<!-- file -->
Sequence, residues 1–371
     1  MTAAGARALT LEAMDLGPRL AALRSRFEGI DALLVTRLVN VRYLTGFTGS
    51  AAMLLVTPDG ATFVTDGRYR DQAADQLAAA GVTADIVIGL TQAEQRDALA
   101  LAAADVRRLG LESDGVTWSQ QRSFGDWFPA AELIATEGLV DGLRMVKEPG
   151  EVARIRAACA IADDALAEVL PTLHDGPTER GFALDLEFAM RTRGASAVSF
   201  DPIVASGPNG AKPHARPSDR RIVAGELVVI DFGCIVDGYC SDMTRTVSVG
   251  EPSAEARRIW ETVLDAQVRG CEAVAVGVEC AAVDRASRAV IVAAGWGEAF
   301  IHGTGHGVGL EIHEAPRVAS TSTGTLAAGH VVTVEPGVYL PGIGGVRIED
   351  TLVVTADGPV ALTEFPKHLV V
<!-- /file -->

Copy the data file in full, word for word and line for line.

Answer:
Sequence, residues 1–371
     1  MTAAGARALT LEAMDLGPRL AALRSRFEGI DALLVTRLVN VRYLTGFTGS
    51  AAMLLVTPDG ATFVTDGRYR DQAADQLAAA GVTADIVIGL TQAEQRDALA
   101  LAAADVRRLG LESDGVTWSQ QRSFGDWFPA AELIATEGLV DGLRMVKEPG
   151  EVARIRAACA IADDALAEVL PTLHDGPTER GFALDLEFAM RTRGASAVSF
   201  DPIVASGPNG AKPHARPSDR RIVAGELVVI DFGCIVDGYC SDMTRTVSVG
   251  EPSAEARRIW ETVLDAQVRG CEAVAVGVEC AAVDRASRAV IVAAGWGEAF
   301  IHGTGHGVGL EIHEAPRVAS TSTGTLAAGH VVTVEPGVYL PGIGGVRIED
   351  TLVVTADGPV ALTEFPKHLV V